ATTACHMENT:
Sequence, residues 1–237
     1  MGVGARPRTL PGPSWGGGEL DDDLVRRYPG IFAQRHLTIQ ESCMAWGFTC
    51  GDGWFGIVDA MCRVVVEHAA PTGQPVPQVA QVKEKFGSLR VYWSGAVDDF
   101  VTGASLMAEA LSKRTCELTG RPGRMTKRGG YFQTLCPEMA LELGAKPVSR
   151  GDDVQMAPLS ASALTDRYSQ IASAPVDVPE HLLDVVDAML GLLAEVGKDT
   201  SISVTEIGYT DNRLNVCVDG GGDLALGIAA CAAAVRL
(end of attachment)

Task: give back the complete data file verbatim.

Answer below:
Sequence, residues 1–237
     1  MGVGARPRTL PGPSWGGGEL DDDLVRRYPG IFAQRHLTIQ ESCMAWGFTC
    51  GDGWFGIVDA MCRVVVEHAA PTGQPVPQVA QVKEKFGSLR VYWSGAVDDF
   101  VTGASLMAEA LSKRTCELTG RPGRMTKRGG YFQTLCPEMA LELGAKPVSR
   151  GDDVQMAPLS ASALTDRYSQ IASAPVDVPE HLLDVVDAML GLLAEVGKDT
   201  SISVTEIGYT DNRLNVCVDG GGDLALGIAA CAAAVRL